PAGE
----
- This type of behavior is mainly connected with Terriers. Still, one thing Frenchie owners uncovered is that their dogs love these activities as well. If you live in a house with a yard, chances are your dog will try to dig it up. This might be a type of behavior you’d want to curb, so here is a helpful article that can help you with that - 6 Tips to Stop Your Dog From Digging Your Yard.
- This is true for all dog breeds with short snouts. They can seem like mean little gas-producing machines. French Bulldogs are notorious little stinkers. You need to be careful about the way they eat. Don’t allow them to eat too fast because they can swallow too much air. Too much air in their GI tract will cause gassiness, and you don’t want to live with a dog that is constantly farting.
- This is another universal truth about puppies. They have a developing jaw and teeth, so don’t be surprised if your Frenchie puppy starts chewing on anything they can get their paws on. They will begin teething when they are about 12 - 16 weeks, and the story begins again. Their baby teeth will fall out, and the new teeth might cause some discomfort. Get some high-quality chew toys or serve them things like frozen carrots. They will get some comfort from the cold, and carrots are healthy and safe for dogs.
- This is one fact we weren’t aware of before we wrote an article about dog swimming. However, it is entirely true! Most French Bulldogs are lousy swimmers. They are pretty heavy for their size, and it seems they have a dense body. If you ever look at a Frenchie that tries swimming, you might notice they simply sink like a rock. If you’re planning on having a summer vacation with your Frenchie, you should get them a doggy life jacket.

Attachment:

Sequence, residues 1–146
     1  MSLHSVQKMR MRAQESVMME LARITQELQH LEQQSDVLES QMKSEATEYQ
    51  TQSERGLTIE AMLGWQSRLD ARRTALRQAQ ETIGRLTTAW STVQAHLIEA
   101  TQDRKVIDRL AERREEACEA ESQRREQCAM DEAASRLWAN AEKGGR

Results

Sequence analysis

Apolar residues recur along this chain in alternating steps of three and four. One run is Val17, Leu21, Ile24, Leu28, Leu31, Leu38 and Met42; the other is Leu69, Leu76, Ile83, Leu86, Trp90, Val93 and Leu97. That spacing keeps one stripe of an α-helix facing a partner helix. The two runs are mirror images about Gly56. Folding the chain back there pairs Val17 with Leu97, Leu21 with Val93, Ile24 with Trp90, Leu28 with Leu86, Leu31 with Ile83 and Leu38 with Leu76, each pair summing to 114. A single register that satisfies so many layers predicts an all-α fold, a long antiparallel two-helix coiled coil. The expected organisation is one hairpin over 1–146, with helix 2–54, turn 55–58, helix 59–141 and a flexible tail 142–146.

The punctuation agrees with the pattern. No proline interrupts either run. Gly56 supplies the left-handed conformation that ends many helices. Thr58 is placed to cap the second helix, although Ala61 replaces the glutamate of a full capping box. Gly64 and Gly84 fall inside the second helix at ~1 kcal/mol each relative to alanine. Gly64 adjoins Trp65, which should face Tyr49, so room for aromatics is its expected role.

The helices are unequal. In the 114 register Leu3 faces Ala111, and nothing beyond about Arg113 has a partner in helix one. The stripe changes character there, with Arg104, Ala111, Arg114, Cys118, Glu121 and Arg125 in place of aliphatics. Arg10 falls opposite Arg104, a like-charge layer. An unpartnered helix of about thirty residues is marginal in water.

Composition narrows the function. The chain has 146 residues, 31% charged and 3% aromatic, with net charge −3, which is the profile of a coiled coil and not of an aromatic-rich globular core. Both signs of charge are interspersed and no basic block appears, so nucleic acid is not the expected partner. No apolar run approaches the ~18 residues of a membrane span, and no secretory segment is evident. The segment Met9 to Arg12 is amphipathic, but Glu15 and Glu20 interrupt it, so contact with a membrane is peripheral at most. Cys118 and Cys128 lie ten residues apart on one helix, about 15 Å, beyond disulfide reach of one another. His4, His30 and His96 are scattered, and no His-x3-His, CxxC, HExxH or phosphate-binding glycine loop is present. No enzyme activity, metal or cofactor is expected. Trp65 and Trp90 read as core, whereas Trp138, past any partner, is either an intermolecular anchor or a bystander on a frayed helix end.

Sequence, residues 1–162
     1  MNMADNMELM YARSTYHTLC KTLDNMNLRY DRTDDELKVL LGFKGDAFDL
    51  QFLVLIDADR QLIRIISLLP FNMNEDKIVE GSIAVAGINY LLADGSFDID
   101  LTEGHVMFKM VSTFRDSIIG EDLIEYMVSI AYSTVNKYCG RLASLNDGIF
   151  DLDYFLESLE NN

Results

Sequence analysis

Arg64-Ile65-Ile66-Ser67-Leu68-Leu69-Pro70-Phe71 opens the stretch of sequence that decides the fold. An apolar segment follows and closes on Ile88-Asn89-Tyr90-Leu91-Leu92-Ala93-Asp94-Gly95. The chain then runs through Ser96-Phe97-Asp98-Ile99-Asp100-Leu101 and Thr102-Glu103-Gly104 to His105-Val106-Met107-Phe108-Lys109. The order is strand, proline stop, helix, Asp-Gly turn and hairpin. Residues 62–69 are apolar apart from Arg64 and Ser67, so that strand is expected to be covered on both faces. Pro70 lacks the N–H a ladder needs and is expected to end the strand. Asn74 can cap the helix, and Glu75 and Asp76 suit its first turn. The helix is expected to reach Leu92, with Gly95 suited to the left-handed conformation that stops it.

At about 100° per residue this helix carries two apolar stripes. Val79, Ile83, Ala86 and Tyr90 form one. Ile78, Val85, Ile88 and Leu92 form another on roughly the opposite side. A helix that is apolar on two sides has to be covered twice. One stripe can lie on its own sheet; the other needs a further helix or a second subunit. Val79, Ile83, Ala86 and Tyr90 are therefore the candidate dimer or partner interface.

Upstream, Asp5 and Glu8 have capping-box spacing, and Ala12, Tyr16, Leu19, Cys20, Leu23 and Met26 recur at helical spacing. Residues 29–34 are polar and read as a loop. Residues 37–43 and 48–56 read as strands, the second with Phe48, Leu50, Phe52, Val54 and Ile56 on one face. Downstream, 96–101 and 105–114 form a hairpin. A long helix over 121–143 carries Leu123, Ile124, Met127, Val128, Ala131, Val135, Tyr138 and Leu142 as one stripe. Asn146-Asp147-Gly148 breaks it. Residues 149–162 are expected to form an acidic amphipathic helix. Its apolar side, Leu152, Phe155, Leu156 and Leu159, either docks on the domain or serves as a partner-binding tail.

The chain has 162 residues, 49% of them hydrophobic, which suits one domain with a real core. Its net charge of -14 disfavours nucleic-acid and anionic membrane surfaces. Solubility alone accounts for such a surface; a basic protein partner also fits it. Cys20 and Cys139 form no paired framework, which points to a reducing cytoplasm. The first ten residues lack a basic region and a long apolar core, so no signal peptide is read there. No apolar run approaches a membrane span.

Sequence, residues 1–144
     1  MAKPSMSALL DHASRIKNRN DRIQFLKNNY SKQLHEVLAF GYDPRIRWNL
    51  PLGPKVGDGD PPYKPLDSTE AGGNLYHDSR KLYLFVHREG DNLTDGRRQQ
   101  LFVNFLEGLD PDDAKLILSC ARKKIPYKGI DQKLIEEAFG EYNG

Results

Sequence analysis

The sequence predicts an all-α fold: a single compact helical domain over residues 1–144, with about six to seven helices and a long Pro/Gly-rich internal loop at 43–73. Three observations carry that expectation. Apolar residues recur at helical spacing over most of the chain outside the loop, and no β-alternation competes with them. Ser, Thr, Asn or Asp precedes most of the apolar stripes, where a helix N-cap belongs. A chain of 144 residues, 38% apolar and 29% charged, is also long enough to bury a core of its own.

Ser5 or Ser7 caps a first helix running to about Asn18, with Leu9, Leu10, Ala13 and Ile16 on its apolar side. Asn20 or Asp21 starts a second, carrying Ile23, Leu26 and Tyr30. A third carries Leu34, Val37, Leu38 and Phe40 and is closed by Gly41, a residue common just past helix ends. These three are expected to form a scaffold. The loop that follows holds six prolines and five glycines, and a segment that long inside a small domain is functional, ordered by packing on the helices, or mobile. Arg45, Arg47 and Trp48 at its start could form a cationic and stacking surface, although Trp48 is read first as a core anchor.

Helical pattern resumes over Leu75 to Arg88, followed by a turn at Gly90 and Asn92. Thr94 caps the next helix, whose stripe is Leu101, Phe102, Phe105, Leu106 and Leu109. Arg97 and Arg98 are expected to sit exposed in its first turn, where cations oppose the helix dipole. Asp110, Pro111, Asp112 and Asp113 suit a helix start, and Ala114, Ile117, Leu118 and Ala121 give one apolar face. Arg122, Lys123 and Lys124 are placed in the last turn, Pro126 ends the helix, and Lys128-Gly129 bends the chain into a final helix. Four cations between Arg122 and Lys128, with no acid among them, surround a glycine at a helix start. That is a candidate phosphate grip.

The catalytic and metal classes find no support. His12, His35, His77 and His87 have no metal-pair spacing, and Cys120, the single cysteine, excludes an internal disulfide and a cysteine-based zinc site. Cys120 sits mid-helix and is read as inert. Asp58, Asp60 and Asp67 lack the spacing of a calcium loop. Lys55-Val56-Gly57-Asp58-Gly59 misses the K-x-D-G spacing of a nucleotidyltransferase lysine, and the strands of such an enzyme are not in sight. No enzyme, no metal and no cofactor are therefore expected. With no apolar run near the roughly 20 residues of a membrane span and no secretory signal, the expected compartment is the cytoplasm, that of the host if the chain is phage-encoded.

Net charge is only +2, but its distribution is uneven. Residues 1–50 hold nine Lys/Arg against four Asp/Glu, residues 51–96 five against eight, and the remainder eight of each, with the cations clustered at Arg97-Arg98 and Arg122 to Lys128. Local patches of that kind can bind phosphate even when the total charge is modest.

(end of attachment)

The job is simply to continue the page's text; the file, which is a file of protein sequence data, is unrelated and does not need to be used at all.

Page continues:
- This is another excellent piece of advice for future Frenchie owners. Due to their short muzzle, Frenchies cannot cool the outside air properly. Brachycephalic breeds are prone to heatstroke, so you have to ensure your dog doesn’t spend much time outside during the hottest parts of the day.
- This might not seem like a big deal, but most dog foods are actually based on chicken. They use it as the primary protein source because it offers excellent quality for a relatively low price. However, the majority of Frenchies are allergic to it. It is entirely possible your dog might not be able to eat it, so you should prepare for buying dog food that uses alternative protein sources. Luckily, there are great dog foods that get their protein from salmon, beef, turkey, bison, and other high-quality meat sources.
- Most dogs feel weird about people touching their paws. If you get your Frenchie while they are still a puppy, you should get them used to being handled. It doesn’t matter who will actually do the grooming; getting a dog used to their paws being handled is crucial. You will have to trim their nails, which might be hard if the dog doesn’t feel comfortable.
- Frenchies are companions. They are not meant to spend a lot of time on their own. They love being at the center of the action, and you should allow them to do that. French Bulldogs don’t like being alone, and you should know that before you decide to get one.
We hope these “French Bulldog tips from the owners” list will help you decide about getting one of these dogs. You should know they make wonderful companions, and you will enjoy sharing your life with one of these dogs!
World Dog Finder team